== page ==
Another pattern that’s important for any repository that has many developers hacking on it simultaneously is having a mechanism to serialise commits to the tree. Facebook have spoken about this publicly, and do so with their own tooling, but something like gerrit, or even a continuous build could handle this. Within a monorepo, this tooling doesn’t need to be in place from the very beginning, and may never be needed, but be aware that it eases the problem of commits not being able to land in areas of high churn.

A final piece in the tooling puzzle is to have a continuous build tool that’s capable of watching individual directories rather than the entire repository. Alternatively, using a graph-based build tool allows a continuous build that watches the entire repository to at least target the minimal set of targets that need rebuilding. Of course, it’s entirely possible to place the continuous build before the tooling that serialises the commits, so you always have a green HEAD of master….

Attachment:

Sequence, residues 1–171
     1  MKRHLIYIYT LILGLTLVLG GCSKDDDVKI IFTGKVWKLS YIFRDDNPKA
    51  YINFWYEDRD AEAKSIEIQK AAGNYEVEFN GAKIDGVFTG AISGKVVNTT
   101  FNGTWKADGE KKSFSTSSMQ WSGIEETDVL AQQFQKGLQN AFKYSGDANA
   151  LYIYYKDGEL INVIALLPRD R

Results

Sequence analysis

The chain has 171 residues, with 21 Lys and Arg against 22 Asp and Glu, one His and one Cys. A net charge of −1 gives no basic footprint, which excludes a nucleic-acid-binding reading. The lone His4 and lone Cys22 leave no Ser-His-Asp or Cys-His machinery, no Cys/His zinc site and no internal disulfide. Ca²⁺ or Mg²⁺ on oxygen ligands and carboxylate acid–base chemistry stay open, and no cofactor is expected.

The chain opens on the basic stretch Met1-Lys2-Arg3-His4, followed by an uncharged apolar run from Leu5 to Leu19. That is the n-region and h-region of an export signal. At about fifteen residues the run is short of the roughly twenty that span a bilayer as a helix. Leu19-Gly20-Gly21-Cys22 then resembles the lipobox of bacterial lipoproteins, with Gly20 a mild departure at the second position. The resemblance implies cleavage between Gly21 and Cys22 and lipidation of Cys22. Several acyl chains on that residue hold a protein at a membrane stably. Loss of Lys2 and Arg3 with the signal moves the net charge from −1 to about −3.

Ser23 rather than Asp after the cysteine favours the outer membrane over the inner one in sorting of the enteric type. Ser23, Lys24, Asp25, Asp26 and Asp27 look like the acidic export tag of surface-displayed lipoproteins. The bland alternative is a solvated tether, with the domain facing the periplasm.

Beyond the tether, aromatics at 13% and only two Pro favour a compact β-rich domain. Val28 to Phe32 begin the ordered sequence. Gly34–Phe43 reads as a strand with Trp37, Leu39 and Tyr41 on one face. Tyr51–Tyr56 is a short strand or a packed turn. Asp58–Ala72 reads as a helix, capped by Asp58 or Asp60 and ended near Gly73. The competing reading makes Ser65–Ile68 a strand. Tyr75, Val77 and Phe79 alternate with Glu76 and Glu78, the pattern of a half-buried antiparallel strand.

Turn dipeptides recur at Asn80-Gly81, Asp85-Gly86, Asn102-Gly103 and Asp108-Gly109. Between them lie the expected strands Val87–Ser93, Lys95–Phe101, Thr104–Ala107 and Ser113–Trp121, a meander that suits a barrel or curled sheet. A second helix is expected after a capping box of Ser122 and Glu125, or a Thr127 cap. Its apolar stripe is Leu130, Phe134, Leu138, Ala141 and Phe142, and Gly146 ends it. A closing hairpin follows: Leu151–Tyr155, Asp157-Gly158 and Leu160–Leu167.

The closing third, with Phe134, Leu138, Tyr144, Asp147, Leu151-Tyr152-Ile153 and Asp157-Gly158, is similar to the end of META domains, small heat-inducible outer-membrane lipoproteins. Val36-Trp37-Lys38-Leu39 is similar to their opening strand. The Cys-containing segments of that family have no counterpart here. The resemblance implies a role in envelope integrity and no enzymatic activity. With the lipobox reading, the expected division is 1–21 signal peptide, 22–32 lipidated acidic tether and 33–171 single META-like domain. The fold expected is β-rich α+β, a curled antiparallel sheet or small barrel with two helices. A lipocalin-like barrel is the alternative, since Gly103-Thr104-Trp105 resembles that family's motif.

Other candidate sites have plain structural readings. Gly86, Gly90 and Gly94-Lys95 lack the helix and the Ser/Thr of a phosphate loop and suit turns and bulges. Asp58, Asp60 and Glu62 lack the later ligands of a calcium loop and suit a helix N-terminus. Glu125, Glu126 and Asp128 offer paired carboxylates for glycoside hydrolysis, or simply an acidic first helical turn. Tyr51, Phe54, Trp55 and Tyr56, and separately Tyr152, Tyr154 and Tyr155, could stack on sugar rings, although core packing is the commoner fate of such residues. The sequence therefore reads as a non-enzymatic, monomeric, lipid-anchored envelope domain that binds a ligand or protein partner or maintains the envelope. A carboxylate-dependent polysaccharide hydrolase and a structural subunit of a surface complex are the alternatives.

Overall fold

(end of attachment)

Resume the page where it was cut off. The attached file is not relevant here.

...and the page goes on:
My thanks to Nathan Fisher, Josh Graham, Paul Hammant, Will Robertson, and Chris Stevenson for their feedback and comments while writing and editing this post. Without their help, this would have rambled across many thousands of words.

Sunday, 19 November 2017

Some Useful Monorepo Definitions

The concept of a monorepo seems so self-evident that there is little need to define it. Just co-locate all your code in one place, and you’re done, right?

The problem is that this doesn’t capture lots of the nuance of the term. After all, if all you have is a single project, then, by this definition, you have a monorepo. While technically correct (the best kind of correct!) this doesn’t feel right. There has to be more to it than that.

Summary: A monorepo represents the body of code and supporting digital assets owned by an organisation. Within that body of code, it’s possible to draw logical boundaries around certain areas, either shared libraries, individual projects, or other groupings.